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World Heritage Site

for World Heritage Travellers



Paphos is an archeological site from Antiquity.

It has been inhabited since the Neolithic Age. In ancient times it was known for its Aphrodite-cult: the Myceneans - the rulers of Cyprus at the time - erected temples for this fertility goddess.

The site consists of numerous places of architectural and historical meaning: villas, palaces, theatres, forts, tombs and mosaics.

Map of Paphos


  • Cultural

Visit May 2001

Modern Paphos is a beach resort as there are so many in the Mediterranean. It's an unlikely place to find treasures of the past, treasures that are carefully being unearthened. The most spectacular findings are the Tombs of the Kings, graves that are set up like houses. There's a strong Egyptian connection here, and also the comparison with Petra (Jordania) has been made.

May 2001

Only a few hundred meters from there, the most beautiful mosaics I have ever seen have been discovered. We're not talking about a few colored stones here and there, but about the floors of whole rooms and even of one total house. An amazing sight.

May 2001

Community Reviews

Clyde Malta - 23-Mar-16 -

Paphos by Clyde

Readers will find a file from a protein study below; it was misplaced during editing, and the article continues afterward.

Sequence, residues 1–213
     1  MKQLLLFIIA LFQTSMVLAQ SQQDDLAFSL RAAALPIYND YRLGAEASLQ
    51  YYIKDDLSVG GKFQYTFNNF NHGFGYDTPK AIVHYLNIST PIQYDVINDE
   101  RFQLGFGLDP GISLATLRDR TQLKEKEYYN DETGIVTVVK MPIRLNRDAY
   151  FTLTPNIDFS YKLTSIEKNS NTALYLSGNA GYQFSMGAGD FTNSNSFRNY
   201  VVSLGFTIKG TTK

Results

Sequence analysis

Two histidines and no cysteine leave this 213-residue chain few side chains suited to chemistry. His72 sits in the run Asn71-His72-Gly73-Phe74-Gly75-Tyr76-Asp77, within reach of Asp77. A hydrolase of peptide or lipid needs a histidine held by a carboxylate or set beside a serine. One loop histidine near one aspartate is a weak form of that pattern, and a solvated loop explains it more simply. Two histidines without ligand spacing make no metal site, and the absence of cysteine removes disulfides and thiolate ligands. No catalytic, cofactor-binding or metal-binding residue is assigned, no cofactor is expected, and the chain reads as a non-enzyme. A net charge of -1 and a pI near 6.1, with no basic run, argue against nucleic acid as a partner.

I visited this WHS in February 2016. Although the main site (2 archeaological sites) is close to the Paphos Castle, the other inscribed site, known as the tomb of the kings, is quite a distance away and close to one of the best hotels in Cyprus for afternoon tea. However, this was once a huge uninterrupted landscape and in fact the sheer size of the site together with the good condition of some mosaics and remains make it quite a worthy site in terms of OUV. There are better examples on the list, however it is a very interesting site to visit in Cyprus and the most visited tourist attraction on the island. The marble Unesco plaque is close to the amphitheatre/lighthouse and close to the entrance there was a very interesting exhibition on the avifauna depicted on the mosaic floors which I really enjoyed. Being mainly an outdoor site close to the sea, there are several live bird species you can spot and some of them you can also spot on the mosaic floors. The main mosaics can be visited on an indoor wooden platform at the House of Aion (my favourite being the Triclinium mosaic) and at the House of Dionysus (which houses the largest collection of complete mosaics; my favourite was the rather discoloured one forming the old thermal baths with a stone pluck in the middle). The House of Theseus still does not have an enclosure so its mosaic floors can still be enjoyed with direct sunlight on them (although this won't be for much longer as an enclosure is to be built soon). Here my favourite mosaic is that of the mythical duel between Theseus and the minotaur in the labyrinth of Crete (picture). Moreover, the archaeological park has several geometric mosaic floors, thermal bath remains, irrigation remains, columns, the remains of the Saranda Kolones castle, etc. and most remains are still numbered or are still being excavated. On the other hand, the tomb of the kings is just a minor site nowadays with the main highlight being the underground tomb carved out of solid rock which at times imitated the houses of the living. The name though is quite misleading as no king was ever buried here. Overall, this site is a very relaxing and rewarding afternoon trip to visit when in Cyprus.